“Watch it, there,” laughed the Skeith, putting down his heavy load and stooping to help up the young Lupe. He reached out and patted the Neopet on the head.

      The kiss, knowing the feeling of innocence and youth, made a leap from hand to head. The little Lupe gave the postman a big smile as he picked up the string to his sled and continued on his way.

      It was not long before he arrived home, dragging the toy up the lawn as a tall Lupess stepped out the front door. She wore a long coat buttoned up to the chin and carried a black purse, in which several red cards could be seen peeking out.

      “Hey, little brother,” she said with a wink as the Lupe dropped his sled and ran up to her.

      “You’re leaving?” asked the little one, pouting as his sister squatted down to look him in the eye.

      “Yes,” she said, ruffling his hat and making the fabric slide down over one of his eyes.

      The kiss, sensing the bond between brother and sister, slipped onto one of the warm black gloves that covered the hand of the Lupess. “But I’ll be back soon, don’t you worry.”

      “Bye,” said the Lupe, waving as his big sister walked off down the walk.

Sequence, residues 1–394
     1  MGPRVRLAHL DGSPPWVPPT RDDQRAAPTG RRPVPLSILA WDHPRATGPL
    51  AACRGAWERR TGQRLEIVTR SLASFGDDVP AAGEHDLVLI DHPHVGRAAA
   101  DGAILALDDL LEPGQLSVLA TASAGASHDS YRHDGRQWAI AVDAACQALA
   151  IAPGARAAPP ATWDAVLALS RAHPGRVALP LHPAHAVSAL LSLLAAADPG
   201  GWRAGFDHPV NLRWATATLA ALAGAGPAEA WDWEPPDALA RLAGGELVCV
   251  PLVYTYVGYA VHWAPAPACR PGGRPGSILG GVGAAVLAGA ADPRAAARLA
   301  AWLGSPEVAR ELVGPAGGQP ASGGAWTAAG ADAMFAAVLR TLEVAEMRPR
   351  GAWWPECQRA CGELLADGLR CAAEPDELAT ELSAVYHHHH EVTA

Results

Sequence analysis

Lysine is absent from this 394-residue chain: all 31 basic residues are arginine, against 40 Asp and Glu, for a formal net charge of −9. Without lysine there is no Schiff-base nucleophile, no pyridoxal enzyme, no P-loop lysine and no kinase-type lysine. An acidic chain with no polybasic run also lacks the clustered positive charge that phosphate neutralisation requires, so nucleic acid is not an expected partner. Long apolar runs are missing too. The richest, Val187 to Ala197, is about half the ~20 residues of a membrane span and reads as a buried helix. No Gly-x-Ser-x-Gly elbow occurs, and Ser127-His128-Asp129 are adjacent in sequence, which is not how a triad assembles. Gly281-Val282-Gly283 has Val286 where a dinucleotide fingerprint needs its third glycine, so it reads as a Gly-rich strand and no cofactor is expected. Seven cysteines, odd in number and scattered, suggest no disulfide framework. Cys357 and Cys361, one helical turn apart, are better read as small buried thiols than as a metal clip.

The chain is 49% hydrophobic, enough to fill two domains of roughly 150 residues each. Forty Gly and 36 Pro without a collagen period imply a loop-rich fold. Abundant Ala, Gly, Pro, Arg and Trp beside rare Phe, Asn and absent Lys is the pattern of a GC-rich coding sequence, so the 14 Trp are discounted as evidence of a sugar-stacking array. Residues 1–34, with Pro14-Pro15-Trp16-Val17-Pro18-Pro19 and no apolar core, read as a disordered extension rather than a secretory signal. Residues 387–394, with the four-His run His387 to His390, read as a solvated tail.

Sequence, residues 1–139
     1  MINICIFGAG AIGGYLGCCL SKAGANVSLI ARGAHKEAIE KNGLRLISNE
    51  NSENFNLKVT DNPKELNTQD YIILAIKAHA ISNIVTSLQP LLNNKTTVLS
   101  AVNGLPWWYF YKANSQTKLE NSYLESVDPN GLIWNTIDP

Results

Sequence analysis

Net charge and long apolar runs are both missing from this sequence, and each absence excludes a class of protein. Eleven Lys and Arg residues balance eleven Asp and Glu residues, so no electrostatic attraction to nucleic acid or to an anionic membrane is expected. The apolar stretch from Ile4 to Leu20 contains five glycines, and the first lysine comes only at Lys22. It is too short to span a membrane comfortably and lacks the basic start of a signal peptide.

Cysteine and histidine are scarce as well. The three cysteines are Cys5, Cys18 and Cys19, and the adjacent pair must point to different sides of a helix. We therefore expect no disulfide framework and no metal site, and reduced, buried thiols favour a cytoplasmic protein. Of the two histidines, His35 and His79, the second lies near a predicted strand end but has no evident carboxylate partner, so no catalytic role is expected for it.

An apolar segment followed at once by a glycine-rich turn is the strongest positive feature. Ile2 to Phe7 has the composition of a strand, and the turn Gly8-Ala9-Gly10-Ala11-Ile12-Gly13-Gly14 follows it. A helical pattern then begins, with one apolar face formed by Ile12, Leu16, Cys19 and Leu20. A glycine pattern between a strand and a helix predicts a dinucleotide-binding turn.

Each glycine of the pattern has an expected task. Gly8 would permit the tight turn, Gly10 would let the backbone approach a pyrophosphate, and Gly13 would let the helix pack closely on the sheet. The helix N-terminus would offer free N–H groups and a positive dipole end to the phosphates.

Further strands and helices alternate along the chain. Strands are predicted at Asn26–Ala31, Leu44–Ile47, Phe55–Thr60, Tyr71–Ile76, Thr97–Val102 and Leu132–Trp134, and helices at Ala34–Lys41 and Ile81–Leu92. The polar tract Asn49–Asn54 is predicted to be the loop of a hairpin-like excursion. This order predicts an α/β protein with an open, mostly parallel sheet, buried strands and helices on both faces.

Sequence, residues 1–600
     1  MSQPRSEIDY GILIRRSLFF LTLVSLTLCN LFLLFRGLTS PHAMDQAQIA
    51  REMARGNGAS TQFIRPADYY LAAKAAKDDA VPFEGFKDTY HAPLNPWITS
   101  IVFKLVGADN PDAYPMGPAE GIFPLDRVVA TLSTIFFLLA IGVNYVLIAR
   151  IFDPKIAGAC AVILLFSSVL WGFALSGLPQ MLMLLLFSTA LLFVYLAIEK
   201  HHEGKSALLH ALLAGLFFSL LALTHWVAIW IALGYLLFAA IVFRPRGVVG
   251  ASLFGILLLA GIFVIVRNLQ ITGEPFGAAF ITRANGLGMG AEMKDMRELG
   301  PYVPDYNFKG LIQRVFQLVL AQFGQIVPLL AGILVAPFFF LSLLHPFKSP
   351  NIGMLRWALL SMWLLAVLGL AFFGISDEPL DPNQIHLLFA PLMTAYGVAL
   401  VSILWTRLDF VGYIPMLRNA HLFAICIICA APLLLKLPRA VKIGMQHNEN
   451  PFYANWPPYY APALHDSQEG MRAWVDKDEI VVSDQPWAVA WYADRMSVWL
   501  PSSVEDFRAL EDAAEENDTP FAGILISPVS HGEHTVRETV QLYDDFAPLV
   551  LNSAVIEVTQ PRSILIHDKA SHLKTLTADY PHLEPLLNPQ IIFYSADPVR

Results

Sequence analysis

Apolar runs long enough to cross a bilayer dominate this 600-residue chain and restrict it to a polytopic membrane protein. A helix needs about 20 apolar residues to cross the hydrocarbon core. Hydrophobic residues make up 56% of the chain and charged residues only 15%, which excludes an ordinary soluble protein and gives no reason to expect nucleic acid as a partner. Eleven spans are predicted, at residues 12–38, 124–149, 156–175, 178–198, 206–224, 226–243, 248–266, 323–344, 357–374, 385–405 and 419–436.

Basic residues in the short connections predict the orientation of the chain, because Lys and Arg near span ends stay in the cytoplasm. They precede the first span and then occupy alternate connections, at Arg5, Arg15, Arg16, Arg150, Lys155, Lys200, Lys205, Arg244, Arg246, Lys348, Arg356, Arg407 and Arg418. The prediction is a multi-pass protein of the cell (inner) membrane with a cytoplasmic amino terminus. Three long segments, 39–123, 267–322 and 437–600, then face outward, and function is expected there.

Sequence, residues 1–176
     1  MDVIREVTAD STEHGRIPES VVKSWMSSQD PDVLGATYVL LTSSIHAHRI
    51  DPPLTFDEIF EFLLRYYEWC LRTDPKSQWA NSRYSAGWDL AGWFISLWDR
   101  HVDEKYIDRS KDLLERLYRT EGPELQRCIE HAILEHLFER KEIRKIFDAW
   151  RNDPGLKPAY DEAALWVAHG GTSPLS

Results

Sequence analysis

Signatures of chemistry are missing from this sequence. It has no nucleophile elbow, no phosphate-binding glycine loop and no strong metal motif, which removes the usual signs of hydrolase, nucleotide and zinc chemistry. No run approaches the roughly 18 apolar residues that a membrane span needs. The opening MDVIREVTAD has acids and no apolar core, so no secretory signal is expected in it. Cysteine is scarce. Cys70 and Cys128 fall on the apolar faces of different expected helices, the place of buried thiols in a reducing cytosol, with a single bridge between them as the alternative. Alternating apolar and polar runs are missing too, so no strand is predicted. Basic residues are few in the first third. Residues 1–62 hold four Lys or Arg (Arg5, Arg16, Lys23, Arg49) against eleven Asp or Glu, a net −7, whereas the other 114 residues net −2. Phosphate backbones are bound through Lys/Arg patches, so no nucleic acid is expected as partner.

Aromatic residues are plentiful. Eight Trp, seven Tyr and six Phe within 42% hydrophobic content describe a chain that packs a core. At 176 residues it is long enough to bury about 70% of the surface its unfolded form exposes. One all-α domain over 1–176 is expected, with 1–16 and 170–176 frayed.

It was not long before her Eyrie taxi arrived, and the Lupess asked to be taken to Faerieland expressly. Her carrier nodded and burst into flight, flapping his powerful wings as he soared up through the chilly air and up into the clouds. He arrived at the bustling gates of the Faerie City in almost no time at all, and the Lupess reached into her purse to retrieve some Neopoints as payment.

      With a smile, she handed them to the Eyrie with a gloved hand. “A little extra,” she said kindly, “seeing as it’s a holiday and all.”

      The kiss, feeling the great generosity, leapt from one hand to the next, as the Eyrie gratefully accepted the coins and nodded to the Lupess, who disappeared into the busy streets of Faerieland.

      Having completed his final task of the day, the Eyrie decided to go for a walk in the city. Faerieland was at the height of its business, with Neopets milling about in all directions. Every shop was filled with hearts of pink and red, chocolates and roses were exchanged by shy friends, and smiles were everywhere. The Eyrie couldn’t hold one back himself as he wandered through the streets, wondering where he ought to spend his newly-earned Neopoints.